Revenue falls, but student-teacher ratio improves

Tue, 02/03/2009 - 4:43pm
By: Ben Nelms

By Ben Nelms and Cal Beverly

As the Fayette County School System grapples with an upcoming deficit of between $11.7 million and $14.5 million out of a $197 million yearly budget, personnel cuts are being considered.

According to the system’s own accounting, the student-teacher ratio — the number of students divided by the number of teachers — has actually improved during the past three years.

With a ratio of 13.78 in October 2005 and a ratio of 13.70 in January 2009, that means that there are fewer students in a Fayette County classroom per teacher now than there were more than three years ago, when the system was not facing a money crunch, according to figures from the school system.

The figures also demonstrate that the system theoretically could lay off upwards of 100 teachers and still maintain a student-teacher ratio of under 15-to-1, well within the state average.

The student-teacher ratio went from 13.78 in 2005, down to 13.71 in 2006, down farther to 13.56 in 2007 and back up slightly to 13.63 in October 2008.

A lower student-to-teacher ratio is generally considered to be a desirable goal in education.

The state average for all school systems is around one teacher for every 14 students as of 2007, the last year for which statistics have been released, according to Dana Tofig of the Ga. Department of Education.

The local figures show that the system pays 60 more teachers this year to teach an additional 701 students, compared to October 2005.

In October 2005, the system employed 1,562 teachers. In January 2009, the system has 1,622 teachers, same as last October.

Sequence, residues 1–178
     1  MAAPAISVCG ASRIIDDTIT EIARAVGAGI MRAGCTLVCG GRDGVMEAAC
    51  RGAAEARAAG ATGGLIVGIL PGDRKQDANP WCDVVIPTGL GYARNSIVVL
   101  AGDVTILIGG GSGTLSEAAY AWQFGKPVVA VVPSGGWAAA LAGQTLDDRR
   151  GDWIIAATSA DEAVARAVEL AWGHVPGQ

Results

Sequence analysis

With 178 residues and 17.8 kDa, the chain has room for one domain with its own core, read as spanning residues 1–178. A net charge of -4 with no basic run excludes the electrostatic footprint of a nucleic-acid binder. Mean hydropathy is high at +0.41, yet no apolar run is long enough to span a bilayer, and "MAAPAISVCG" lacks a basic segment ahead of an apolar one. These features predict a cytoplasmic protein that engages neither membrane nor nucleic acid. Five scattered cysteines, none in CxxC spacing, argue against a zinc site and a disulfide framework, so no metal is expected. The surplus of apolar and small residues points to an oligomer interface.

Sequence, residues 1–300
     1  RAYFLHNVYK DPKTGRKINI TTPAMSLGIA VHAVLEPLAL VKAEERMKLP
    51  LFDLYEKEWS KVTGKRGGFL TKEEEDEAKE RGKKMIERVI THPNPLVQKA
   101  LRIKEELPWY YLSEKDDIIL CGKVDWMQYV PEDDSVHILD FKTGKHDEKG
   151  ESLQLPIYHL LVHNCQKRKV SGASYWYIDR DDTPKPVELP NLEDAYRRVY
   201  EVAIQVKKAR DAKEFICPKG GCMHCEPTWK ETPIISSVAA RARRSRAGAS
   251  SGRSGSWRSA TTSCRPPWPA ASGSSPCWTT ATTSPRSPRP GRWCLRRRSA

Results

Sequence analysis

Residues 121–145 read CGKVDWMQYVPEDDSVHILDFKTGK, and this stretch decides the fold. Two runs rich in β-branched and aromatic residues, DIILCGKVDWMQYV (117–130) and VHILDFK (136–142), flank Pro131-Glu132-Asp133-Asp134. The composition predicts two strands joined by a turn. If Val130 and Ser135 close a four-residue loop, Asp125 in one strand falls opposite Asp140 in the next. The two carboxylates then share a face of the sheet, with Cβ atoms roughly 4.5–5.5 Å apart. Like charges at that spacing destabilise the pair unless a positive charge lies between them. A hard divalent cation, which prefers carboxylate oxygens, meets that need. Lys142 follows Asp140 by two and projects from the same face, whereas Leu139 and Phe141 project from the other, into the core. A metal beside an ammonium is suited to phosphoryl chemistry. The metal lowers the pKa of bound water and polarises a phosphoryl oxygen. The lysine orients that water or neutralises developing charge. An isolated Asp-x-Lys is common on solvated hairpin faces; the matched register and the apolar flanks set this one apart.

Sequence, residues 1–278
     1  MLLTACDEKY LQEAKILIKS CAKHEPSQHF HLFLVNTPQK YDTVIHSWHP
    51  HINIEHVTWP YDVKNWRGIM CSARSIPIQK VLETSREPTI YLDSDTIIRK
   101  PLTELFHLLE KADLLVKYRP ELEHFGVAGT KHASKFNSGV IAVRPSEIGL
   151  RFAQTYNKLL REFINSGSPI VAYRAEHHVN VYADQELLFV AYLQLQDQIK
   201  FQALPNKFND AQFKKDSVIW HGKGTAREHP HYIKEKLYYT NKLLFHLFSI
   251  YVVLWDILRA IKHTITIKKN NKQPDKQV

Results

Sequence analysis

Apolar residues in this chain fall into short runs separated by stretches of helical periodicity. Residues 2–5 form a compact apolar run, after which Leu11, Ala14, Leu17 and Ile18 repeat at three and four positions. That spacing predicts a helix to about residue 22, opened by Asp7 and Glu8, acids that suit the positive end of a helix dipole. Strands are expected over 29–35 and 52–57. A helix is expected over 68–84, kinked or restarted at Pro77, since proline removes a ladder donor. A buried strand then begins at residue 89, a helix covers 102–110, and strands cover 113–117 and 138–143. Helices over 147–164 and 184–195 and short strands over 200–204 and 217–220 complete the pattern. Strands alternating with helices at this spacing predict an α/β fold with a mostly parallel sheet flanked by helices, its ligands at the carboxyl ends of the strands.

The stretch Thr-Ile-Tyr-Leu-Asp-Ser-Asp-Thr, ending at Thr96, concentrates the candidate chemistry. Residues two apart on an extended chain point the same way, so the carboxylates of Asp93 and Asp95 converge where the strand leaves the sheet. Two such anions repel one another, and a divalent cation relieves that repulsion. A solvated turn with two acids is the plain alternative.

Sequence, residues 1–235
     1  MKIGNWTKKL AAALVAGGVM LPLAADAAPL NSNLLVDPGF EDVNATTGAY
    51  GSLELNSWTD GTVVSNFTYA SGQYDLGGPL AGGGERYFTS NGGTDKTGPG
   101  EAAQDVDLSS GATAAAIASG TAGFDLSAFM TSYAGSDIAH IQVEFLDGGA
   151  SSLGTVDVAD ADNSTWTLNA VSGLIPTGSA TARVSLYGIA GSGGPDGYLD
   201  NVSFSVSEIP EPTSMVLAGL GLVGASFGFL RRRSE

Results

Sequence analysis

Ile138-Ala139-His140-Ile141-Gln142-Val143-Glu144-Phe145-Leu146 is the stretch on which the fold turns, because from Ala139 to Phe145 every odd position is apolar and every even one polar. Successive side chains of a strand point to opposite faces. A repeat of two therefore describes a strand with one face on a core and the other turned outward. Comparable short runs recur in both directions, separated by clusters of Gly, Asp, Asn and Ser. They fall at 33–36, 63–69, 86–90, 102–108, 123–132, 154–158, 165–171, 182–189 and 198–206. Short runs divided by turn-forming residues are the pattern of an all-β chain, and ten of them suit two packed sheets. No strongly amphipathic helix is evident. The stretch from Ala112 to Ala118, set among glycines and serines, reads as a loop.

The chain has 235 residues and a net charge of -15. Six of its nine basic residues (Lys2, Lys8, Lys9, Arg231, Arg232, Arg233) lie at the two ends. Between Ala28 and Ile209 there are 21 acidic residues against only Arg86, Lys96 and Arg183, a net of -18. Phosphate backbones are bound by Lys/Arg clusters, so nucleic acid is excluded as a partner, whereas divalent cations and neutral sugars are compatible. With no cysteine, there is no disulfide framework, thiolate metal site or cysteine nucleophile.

The high-water mark for teachers and students was October 2007, when the system paid 1,649 teachers to instruct 22,367 students.

The Citizen requested and obtained information relating to student enrollment and the number of classroom teachers employed for 2005-2008. School system staff also provided those numbers for January 2009.

Dr. Reanee Ellis, director of human resources, said the teacher count is based on data contained in the relevant Active Employee Summary Sections of the Certified/Classified Personnel Information (CPI) Report submitted annually to the Georgia Department of Education.

The data shows that the number of teachers increased during the 2005-2007 school years as the number of students increased. The number of teachers decreased in 2008, corresponding to a decrease in student population.

Teacher/student data supplied by the school system showed:

• October 2005 — 1,562 teachers to 21,531 students.

• October 2006 — 1,625 teachers to 22,291 students.

• October 2007 — 1,649 teachers to 22,367 students.

• October 2008 — 1,622 teachers to 22,108 students.

• Jan. 23, 2009 — 1,622 teachers to 22,232 students.

The overall teacher/student ratio for the period ranged from 1:13.56 to 1:13.78. System-wide ratios, however, are not considered by the local system to be a benchmark because some classrooms, such as special education classes, have a much lower required teacher/student ratio.

Ellis in the information supplied also noted several factors she said impacted staffing allocations.

“The No Child Left Behind Act of 2001, required school districts to ensure that all teachers of core content academic subjects were not only certified to teach the subjects but also ‘highly qualified’ to teach the subjects,” Ellis said. “In some cases, school districts, including the Fayette County School District, had to employ additional staff to meet this mandate.”

Ellis said that in 2006 the state school board amended Rule 160-5-.08 that presented challenges for school systems in Georgia.

“(The amendment) resulted in a reduction of maximum class sizes and eliminated the ability for school systems to be in compliance with maximum class size requirements by using a system averaging formula in some cases,” Ellis said. “With the requirement to meet the lowered class size requirements came the additional burden of hiring additional teachers for classes that exceeded those newly established limits.”